That impassive snowy landscape was the first thing we see in the film, with a series of virtually still shots broken by a man coming into view, followed by others, all in complete silence. Then we hear breathing and clanking metal, followed by the cry “Germans!”, and we’re straight into the story of the partisans’ desperate fight. These sequences in the snow (shot in difficult conditions, as was Shepitko’s 1963 Heat) are disorienting, giving us little sense of direction and largely dispensing with establishing shots or informative setting-up of scenes; we experience the threat and uncertainty of the situation just as the partisans do, as if we’re with them.

The Ascent remains very physical at many points (for example, in Sotnikov and Rybak’s long crawl through the snow), but there’s also a slight unreality to it throughout. An odd sense of time being suspended, perhaps hinting at the timelessness of Shepitko’s underlying theme. Later sequences can be more didactic and less immersive, with the visual style she adopts along with cinematographers Vladimir Chukhnov and Pavel Lebeshev exuding weight and solemnity: very often the frame contains just a single thing (a face, a dog, a fireplace, a boot) as if they’re of great symbolic import. Shepitko’s arrangements of people, too, often have the feeling of tableaux.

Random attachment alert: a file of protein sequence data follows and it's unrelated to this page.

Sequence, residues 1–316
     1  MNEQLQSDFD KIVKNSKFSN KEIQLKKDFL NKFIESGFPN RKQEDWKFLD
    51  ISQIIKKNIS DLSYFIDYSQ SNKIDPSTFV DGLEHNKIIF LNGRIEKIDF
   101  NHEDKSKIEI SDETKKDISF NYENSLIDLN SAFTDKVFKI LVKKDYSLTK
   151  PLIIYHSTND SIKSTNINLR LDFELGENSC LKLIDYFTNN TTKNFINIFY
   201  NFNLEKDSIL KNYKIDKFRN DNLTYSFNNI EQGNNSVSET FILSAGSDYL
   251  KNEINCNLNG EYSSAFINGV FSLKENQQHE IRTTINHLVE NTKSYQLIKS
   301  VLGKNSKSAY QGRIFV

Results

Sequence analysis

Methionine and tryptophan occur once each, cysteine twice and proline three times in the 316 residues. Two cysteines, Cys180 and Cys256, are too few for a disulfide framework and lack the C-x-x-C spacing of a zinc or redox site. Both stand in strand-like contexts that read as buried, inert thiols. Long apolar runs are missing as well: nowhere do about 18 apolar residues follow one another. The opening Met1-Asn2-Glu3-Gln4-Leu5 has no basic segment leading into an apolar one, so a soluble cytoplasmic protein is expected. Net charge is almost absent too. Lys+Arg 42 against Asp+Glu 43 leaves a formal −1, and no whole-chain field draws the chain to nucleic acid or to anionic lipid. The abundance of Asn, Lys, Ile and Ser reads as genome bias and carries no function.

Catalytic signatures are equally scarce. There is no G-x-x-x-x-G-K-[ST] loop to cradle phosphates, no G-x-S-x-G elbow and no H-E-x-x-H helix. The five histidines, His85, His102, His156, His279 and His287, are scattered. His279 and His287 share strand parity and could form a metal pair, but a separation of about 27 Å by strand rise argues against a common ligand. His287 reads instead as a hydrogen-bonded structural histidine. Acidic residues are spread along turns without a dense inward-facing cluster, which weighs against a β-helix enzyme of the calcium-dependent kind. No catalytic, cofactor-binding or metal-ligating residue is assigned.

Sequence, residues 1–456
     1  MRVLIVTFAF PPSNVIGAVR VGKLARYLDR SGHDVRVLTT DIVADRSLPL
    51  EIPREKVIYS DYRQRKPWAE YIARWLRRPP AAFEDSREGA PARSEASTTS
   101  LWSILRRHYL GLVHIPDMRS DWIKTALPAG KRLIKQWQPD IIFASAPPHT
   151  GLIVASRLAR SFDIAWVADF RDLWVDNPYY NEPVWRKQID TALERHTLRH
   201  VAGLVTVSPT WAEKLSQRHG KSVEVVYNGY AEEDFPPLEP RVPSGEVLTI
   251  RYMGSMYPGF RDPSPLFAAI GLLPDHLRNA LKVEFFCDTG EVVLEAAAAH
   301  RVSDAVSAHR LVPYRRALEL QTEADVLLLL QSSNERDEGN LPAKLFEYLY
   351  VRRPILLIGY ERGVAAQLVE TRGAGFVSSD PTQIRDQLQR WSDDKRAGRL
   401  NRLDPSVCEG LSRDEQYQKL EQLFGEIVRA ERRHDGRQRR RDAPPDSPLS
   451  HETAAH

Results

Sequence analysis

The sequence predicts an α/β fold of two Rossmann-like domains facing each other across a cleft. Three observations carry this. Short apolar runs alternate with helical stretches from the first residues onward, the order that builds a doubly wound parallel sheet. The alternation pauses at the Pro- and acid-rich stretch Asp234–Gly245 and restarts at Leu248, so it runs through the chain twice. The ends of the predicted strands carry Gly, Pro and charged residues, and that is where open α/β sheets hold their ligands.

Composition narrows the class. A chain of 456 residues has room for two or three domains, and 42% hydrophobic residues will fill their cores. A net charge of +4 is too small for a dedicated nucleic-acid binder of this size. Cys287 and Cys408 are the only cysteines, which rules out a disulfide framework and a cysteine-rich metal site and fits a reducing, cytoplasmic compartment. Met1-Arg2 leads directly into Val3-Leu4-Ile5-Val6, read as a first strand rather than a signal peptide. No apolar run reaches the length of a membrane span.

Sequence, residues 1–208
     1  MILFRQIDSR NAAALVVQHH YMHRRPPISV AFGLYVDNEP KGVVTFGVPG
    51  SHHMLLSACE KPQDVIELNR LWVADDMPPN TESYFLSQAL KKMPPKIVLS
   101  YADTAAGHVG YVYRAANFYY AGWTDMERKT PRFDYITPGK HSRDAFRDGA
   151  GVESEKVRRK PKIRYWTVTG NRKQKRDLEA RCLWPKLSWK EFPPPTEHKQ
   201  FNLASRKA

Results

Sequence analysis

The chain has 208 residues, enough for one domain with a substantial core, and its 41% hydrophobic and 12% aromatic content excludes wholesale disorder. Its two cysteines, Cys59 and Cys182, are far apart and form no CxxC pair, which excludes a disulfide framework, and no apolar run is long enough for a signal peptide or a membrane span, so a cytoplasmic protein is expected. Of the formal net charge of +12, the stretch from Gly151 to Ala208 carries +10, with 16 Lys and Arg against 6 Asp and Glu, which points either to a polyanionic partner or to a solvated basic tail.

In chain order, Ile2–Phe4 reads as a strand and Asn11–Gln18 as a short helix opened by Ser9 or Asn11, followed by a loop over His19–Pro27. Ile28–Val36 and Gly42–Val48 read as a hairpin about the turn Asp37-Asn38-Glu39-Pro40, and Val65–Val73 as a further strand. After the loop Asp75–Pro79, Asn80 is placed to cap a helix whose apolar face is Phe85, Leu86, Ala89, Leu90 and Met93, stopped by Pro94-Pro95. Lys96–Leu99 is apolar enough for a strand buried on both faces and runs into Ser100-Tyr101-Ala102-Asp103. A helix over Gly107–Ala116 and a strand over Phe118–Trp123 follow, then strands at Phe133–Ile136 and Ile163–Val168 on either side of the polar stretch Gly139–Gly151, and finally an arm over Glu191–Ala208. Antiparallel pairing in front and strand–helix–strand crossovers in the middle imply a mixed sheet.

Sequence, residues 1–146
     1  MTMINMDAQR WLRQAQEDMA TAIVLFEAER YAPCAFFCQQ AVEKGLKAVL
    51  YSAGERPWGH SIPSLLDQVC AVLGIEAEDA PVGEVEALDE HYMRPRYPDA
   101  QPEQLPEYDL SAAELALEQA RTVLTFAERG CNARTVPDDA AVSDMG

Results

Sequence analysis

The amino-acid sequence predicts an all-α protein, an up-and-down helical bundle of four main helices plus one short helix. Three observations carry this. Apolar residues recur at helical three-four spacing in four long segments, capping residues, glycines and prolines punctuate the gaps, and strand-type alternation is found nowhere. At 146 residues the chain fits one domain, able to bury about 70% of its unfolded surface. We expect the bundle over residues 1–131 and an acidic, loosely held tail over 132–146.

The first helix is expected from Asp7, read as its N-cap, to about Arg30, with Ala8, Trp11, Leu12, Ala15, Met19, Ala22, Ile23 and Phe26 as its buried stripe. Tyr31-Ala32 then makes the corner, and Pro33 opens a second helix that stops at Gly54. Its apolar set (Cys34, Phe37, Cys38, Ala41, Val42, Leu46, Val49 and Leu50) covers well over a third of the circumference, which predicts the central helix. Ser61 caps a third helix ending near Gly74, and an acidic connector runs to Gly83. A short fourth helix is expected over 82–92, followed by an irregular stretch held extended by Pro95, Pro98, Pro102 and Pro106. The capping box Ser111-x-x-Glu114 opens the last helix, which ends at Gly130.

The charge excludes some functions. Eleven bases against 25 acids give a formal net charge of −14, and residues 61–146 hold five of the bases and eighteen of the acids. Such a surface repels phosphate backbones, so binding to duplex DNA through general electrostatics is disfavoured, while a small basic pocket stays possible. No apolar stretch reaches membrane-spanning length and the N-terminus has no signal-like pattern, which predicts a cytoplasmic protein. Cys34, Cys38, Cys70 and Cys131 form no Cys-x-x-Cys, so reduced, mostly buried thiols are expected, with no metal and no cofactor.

It’s fundamentally a film of ideas rather than realistic characters, and much of it’s over-acted by today’s standards, but a few performances do stand out. Notable among them are Gostyukhin as Rybak, in many ways the key to the film, even if it often concentrates more closely on the developing inner strengths of Plotnikov’s Sotnikov, and Solonitsyn as the police chief Portnov. A frequent collaborator with the great Russian director Andrei Tarkovsky (a contemporary of Shepitko, who preceded her by a few years at VGIK, the State Institute for Cinematography), Portnov gives us a complex and nuanced rather than hateful baddie. He’s cold, merciless, scornful, almost vampirish, but he’s also unsure of his position, and rather afraid of the Nazis himself even as he longs for their approval. There are some telling shots at the climactic hangings where he tries to insert himself into a knot of German officers but is completely ignored by them.